There are two camps really on the subject of MacBeth's responsibilty for his actions. Some critics feel he is an evil character who had plenty of chances to regret his actions, reconsider or even repent. The fact that he does not, means in their opinion, that he is not sorry and that he is therefore culpable for all his heinous and bloody crimes. However, other critics feel that all humans are born frail and flawed and are not responsible totally for their genes and birth circumstances. Traumatic circumstances cause stress-induced madness and psychological illness can be inherent. This could never, of course, excuse evil acts but it can go a long way top explaining it. In today's world we try to get therapy and treatment for these people - I think I fall into the 'understanding and patient' camp of critics!
By the end of the play, I do not feel much sympathy for Macbeth at all. After all, think of all the horrible things that he has done. It is hard to feel sorry for or good about someone who has killed so many innocent people, including Macduff's wife and children. He only did it for his own gain, too.
Even in scene 5, he is still acting somewhat brutally even though he is losing confidence. When the messenger tells him that Great Birnam wood is moving, he threatens to hang the messenger until he dies of hunger if he is lying. So he has not started to repent or anything.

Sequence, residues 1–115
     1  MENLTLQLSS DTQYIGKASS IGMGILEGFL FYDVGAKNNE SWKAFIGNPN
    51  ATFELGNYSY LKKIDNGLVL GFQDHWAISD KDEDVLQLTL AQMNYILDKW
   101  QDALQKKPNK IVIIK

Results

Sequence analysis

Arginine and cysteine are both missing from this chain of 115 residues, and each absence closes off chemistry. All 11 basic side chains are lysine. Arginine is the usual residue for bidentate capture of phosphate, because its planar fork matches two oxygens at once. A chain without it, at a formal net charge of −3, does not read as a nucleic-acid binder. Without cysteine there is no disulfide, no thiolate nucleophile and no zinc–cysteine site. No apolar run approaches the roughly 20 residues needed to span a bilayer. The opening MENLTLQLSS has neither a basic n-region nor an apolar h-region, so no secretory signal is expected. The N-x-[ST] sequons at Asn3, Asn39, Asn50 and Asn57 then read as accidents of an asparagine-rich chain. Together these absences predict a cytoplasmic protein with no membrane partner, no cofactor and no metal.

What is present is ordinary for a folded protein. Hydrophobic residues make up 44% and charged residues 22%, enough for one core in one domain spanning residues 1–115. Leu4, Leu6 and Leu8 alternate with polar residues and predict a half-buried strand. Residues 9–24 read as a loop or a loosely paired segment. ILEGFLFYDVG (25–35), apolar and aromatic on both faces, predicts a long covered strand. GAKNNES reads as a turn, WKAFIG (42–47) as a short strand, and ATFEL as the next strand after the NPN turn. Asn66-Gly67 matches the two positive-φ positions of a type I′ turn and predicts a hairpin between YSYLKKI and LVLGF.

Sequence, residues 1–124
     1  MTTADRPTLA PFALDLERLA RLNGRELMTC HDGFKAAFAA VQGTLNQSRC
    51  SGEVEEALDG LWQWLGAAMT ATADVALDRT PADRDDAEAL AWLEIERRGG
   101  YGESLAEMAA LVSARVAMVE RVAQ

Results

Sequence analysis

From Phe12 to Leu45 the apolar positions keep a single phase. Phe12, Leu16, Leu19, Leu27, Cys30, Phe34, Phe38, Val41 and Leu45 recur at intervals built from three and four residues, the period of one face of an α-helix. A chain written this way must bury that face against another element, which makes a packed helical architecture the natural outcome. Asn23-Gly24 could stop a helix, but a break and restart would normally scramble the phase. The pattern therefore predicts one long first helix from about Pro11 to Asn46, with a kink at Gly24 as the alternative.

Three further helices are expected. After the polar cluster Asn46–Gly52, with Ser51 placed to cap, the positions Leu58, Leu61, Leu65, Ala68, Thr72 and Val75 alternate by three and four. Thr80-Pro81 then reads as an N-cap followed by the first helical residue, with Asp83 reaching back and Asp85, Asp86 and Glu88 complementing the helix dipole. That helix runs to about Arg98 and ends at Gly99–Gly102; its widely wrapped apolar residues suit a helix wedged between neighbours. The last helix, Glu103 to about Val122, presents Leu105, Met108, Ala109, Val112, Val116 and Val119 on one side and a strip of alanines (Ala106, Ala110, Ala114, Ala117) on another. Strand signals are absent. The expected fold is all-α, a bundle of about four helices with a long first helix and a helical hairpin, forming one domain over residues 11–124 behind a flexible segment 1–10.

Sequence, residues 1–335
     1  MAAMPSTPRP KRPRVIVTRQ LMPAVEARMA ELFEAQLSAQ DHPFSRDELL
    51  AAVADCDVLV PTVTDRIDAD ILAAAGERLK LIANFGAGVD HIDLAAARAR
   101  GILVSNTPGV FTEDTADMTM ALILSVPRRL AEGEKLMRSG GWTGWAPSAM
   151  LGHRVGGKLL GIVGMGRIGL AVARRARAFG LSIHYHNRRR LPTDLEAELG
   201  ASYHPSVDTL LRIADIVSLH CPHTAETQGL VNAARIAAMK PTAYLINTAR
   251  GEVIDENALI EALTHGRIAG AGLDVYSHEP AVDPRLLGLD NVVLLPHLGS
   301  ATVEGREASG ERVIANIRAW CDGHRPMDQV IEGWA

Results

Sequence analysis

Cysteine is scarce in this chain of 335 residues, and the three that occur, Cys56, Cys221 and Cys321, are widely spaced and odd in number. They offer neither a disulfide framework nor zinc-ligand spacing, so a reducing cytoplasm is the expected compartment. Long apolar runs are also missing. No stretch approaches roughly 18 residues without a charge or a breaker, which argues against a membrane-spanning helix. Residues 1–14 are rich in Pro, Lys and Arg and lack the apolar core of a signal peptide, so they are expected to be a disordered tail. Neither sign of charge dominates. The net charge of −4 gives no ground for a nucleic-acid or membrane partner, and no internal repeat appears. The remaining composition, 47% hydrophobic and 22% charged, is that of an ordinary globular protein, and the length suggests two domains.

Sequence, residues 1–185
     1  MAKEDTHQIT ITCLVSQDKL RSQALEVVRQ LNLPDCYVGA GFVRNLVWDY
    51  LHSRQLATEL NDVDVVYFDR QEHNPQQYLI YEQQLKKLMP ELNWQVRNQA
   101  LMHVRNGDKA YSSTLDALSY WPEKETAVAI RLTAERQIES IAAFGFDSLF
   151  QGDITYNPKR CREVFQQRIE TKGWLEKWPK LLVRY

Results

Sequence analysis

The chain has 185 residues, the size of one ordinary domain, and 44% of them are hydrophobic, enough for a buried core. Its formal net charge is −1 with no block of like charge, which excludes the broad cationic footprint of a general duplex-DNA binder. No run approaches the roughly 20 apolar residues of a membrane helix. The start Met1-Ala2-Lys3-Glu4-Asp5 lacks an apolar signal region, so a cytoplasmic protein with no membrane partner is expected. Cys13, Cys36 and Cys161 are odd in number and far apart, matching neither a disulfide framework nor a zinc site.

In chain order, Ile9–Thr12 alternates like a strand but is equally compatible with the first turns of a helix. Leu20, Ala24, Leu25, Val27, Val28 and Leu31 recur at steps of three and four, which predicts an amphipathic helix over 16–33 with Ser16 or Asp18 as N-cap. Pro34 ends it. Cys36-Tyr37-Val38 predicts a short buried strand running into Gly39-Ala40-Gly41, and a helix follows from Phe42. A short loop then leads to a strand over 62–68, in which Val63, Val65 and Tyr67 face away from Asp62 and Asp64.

Concerning your question about Shakespeare's Macbeth, first of all no one can answer this question for you. My giving you my answer can't really help you with your answer.
I can, though, give you some of the issues involved.
By the close of the play, sympathy for Macbeth isn't an issue. He is not a sympathetic character. But that isn't what matters. The multifaceted nature of his personality is what is evident by this point.
Macbeth would like to believe the witches, right up to the point at which the witches' equivocations become evident--when Macduff tells him he was not born of woman, but of a body. Emotionally, he throws himself into the fulfillment of the predictions. But rationally, he suspects they are too good to be true. He seems to alternate between belief and despair, even showing us a nihilistic side of his personality in the "Tomorrow" speech after his wife dies.
Macbeth also feels trapped by the conclusion of the play, like a bear chained to a tree and attacked by a pack of dogs, for sport. Yet, he refuses to surrender and be humiliated and faces Macduff one-on-one and fights to the death: a noble gesture.
Thus, no one is expected to particularly like Macbeth. It's not about that. But to understand him, that is the point.
The end of Macbeth is like the beginning: Macbeth fighting. In both scenes, Macbeth battles valiantly. However, in Act I Macbeth kills the traitor Macdonwald. In Act V, Madcuff kills the traitor Macbeth. In this way, the play comes full circle. Yes, I do like Macbeth here in Act V: he is a fighter, and he defends himself rather than committing suicide (like his wife). In this way, he desperately tries to take back control of his life.
Macbeth has lost everything by the end: his life, head, tomorrow, wife, a battle, the crown, castle, and all his thanes. Most importantly, he loses his advantages against time, nature, and the supernatural. He had manipulated each to gain control earlier, but now all three betray him. Birnam Wood (nature) attacks his castle. The supernatural hero Macduff (not born of woman) beheads him. And time has sped up, ending his life short ("Tomorrow, tomorrow, and tomorrow"...) so he will never have to face another day.